Tampa Stadium

Tampa Stadium

Infobox Stadium
stadium_name = Tampa Stadium
nickname = "The Big Sombrero"

caption =
fullname = Tampa Stadium
location = Tampa, Florida
coordinates =
broke_ground = October 9, 1966
built =
opened = November 4, 1967
renovated = 1983
expanded = 1975
closed = September 13, 1998
demolished = Spring 1999
owner = Tampa Sports Authority
operator = Tampa Sports Authority
surface = Grass
construction_cost = $4.1 million USD
$13 million USD (renovations)
architect = Watson & Company Architects, Engineers & Planners
project_manager =
main_contractors =
former_names = Tampa Stadium (1967-1995)
Houlihan's Stadium (1996-1998)
tenants = Tampa Bay Buccaneers (NFL) (1976-1997)
Can-Am Bowl (NCAA) (1977-1979)
Outback Bowl (NCAA) (1986-1998)
Florida Classic (NCAA) (1978-1996)
University of Tampa (NCAA) (1967-1974)
Tampa Bay Rowdies (NASL) (1975-1984)
Tampa Bay Bandits (USFL) (1983-1985)
Tampa Bay Mutiny (MLS) (1996-1998)
USF (NCAA) (1997)
seating_capacity = 74,301

Tampa Stadium (known as Houlihan's Stadium from 1996 to 1998, and nicknamed "The Big Sombrero") was a sports venue located at 4201 North Dale Mabry Highway in Tampa, Florida, USA. The stadium is most closely associated with the Tampa Bay Buccaneers National Football League franchise, which played all of their home games in the stadium from 1976 through 1997.


Early history

Construction on Tampa Stadium began in the fall of 1966, and the facility opened in 1967 [ [http://www.tampasportsauthority.com/tsa/timeline.htm Tampa Sports Authority ] ] . The stadium was built next to Al Lopez Field, the then-home of the Tampa Tarpons Florida State League baseball team, and the spring training site of the Cincinnati Reds National League baseball franchise. Ample parking was available in the grassy lots around the stadium, as well as nearby Horizon Park and Jesuit High School.

The stadium was designed for American football, and built with an initial seating capacity of 45,000. Two large concrete structures built along the sidelines provided the major facilities. Bench seating was arranged on a single tier, so that every seat had a direct and unobstructed view of the playing field.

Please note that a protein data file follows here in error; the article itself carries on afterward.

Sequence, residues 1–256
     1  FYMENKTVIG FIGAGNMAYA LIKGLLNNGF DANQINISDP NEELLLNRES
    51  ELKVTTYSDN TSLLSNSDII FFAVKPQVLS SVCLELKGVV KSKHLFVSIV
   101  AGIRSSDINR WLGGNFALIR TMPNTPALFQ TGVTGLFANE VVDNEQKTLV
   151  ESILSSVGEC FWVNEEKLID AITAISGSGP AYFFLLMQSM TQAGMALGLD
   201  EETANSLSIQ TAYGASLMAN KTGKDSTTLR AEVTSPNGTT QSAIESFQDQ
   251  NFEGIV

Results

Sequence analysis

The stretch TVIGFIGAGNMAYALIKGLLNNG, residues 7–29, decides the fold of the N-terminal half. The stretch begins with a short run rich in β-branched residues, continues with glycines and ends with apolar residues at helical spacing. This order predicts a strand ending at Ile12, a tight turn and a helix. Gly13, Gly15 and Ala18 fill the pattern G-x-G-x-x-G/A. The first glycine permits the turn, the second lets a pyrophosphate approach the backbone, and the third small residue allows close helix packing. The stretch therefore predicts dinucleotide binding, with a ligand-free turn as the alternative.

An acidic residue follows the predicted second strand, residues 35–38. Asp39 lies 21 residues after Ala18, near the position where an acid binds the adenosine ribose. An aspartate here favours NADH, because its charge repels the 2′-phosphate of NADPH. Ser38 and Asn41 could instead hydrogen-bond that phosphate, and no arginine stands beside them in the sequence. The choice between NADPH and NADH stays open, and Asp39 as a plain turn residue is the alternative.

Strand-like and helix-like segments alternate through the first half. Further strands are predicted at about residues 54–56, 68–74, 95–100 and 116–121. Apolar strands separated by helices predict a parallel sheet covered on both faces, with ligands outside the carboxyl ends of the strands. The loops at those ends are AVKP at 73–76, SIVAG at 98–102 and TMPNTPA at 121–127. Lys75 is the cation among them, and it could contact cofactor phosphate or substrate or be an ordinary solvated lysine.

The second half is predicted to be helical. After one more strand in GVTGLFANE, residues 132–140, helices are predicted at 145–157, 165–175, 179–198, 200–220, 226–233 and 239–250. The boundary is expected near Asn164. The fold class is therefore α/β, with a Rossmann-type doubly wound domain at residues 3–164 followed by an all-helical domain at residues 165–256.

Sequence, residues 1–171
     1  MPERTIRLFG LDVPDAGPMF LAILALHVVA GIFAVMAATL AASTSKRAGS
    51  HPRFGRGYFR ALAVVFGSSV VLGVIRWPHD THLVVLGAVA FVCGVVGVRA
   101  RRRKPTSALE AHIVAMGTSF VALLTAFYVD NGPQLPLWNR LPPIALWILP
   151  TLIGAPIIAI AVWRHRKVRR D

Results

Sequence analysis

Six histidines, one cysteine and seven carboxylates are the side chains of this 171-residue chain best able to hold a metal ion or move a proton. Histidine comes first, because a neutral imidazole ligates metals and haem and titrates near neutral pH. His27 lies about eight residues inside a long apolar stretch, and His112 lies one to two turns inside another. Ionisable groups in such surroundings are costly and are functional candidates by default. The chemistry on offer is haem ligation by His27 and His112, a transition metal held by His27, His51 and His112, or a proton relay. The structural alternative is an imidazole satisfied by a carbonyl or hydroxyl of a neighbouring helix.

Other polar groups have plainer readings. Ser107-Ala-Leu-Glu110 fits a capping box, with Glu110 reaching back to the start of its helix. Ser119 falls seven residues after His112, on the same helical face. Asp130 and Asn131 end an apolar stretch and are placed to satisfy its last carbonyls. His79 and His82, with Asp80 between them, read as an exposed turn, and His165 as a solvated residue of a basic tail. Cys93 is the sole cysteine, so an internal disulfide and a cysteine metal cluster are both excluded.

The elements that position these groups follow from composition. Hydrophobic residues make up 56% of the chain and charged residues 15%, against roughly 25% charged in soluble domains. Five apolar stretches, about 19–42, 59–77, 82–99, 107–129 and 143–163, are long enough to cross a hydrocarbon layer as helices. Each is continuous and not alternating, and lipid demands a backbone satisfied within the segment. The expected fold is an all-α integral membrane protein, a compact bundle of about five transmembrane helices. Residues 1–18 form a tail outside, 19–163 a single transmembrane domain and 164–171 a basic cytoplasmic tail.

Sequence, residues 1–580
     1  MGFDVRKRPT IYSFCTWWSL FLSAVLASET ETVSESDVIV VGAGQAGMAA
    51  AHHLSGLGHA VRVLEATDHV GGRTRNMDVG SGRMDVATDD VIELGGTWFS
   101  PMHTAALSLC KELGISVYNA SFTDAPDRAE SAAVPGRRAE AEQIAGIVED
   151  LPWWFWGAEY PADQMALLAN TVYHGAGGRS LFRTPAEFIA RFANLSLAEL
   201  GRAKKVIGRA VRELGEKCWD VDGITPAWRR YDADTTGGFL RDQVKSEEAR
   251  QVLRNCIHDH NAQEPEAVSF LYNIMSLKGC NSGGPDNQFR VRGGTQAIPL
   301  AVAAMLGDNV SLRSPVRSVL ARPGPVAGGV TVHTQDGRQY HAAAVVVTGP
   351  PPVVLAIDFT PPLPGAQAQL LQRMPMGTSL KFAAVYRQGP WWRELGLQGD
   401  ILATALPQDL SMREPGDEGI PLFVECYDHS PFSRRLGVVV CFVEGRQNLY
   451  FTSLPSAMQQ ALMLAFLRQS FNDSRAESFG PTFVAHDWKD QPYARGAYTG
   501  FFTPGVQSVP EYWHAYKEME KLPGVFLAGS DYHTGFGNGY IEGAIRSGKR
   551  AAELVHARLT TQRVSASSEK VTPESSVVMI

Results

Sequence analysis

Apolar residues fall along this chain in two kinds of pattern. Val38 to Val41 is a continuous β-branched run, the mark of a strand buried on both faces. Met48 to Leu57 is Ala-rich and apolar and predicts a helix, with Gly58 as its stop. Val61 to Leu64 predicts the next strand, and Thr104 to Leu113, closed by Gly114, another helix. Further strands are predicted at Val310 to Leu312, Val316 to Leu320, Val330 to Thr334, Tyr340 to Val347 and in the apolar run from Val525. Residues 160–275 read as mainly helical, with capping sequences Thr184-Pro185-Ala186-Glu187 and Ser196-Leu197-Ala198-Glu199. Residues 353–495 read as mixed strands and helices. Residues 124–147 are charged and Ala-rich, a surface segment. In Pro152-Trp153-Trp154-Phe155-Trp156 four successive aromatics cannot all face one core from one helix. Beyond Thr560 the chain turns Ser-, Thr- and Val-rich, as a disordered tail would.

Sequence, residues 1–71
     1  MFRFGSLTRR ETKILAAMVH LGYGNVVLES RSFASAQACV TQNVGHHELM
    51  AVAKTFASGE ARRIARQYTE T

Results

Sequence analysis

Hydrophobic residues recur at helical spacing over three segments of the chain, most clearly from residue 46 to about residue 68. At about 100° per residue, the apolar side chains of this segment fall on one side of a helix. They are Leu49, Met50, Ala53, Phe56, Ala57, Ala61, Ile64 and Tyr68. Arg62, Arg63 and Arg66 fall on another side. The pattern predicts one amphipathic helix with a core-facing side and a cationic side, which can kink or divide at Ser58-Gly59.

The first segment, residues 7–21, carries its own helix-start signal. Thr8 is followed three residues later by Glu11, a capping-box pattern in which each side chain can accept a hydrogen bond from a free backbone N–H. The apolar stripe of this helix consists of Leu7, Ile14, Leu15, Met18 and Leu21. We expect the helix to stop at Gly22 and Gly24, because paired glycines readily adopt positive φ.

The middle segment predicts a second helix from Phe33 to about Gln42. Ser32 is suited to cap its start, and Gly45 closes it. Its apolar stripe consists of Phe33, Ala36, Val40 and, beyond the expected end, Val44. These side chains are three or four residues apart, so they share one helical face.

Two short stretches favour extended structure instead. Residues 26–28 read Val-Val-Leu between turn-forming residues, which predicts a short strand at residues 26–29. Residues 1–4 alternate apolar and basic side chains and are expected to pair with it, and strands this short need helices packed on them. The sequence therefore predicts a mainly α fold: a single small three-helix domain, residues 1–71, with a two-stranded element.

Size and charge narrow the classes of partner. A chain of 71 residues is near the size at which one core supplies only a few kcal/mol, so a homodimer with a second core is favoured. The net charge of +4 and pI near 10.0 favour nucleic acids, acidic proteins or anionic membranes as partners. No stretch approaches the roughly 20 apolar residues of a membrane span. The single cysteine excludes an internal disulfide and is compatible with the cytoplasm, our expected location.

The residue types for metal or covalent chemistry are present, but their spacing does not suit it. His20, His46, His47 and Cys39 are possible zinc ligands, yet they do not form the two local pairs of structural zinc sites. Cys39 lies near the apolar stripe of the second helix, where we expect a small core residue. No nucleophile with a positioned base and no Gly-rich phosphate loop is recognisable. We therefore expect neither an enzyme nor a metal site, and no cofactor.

When the sun came out, the stadium became a very warm venue for fans and players. Fans could retreat to the interior decks under the seats, where concessions and restrooms were located. Players and personnel on the field had no way to beat the heat, except for the tunnels to the locker rooms, and cooling equipment placed near the sideline benches. During the summer and early autumn, games often started during or after sunset to avoid the extreme afternoon heat and humidity. Games usually started at 11 a.m. or 1 p.m. during the rest of the year.

The stadium's natural grass playing surface was highly crowned to provide rapid drainage during Florida's intense thunderstorms. The sidelines were at least 18 inches lower than the center of the field.

The stadium's original tenant was the University of Tampa Spartans football team. The Spartans hosted the stadium's first sporting event on November 4, 1967 when they played the University of Tennessee. The Spartans used Tampa Stadium as their home field until the university disbanded the football program in 1974.

NFL expansion

The 1975 expansion project was spurred by the pending arrival of the Buccaneers. Over 27,000 end zone seats were added by completely enclosing the open end zones. The expanded stadium became one of the largest outdoor venues in the NFL.

The stadium was later dubbed "The Big Sombrero" by ESPN's Chris Berman for the Mexican hat-like shape that was created by the expansion project.

Skyboxes were added in the mid-1980s by expanding the stadium's existing press boxes. The stadium's maximum seating capacity was 74,301.

The Super Bowl was held there twice: Super Bowl XVIII in January 1984, and Super Bowl XXV in January 1991. The NFC Championship of the 1979 season and two other Buccaneers playoff games have been held there.

The original stadium hosted four NFL preseason games. On August 10, 1968, the Washington Redskins played the Atlanta Falcons in the stadium's first professional sporting event. The Baltimore Colts played three preseason games in the stadium in 1972. These preseason games gave NFL owners and officials ample opportunity to assess the Tampa Bay area and the stadium.

The Buccaneers' first regular season home game was held on September 19, 1976, when the Buccaneers lost to the San Diego Chargers 23-0.

The stadium's name was changed after the Malcolm Glazer family purchased the Tampa Bay Buccaneers franchise in 1995. The Glazers also purchased the stadium's naming rights from the Tampa Sports Authority. The stadium's second and final name advertised one of the Glazer family's business ventures, the Houlihan's restaurant chain.

For the 1990 season, large flagpoles were mounted on the upper rim of the stadium as part of a renovation that included the addition of a JumboTron screen in the south end zone and smaller scoreboards above the field-level tunnels in two corners of the stadium. The poles were used to fly large flags for each of the NFL's teams until 1997, when the Buccaneers adopted a uniform redesign featuring a red flag on their helmets. Large versions of the flag were hoisted on the stadium's flagpoles when the Buccaneers penetrated their opponents' 20-yard line. The franchise continued this practice when it moved to Raymond James Stadium next door a year later.